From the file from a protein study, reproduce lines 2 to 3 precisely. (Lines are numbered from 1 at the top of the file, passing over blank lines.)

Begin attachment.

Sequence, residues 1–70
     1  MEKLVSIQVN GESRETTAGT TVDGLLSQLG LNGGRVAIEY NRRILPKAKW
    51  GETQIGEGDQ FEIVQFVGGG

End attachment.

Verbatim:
     1  MEKLVSIQVN GESRETTAGT TVDGLLSQLG LNGGRVAIEY NRRILPKAKW
    51  GETQIGEGDQ FEIVQFVGGG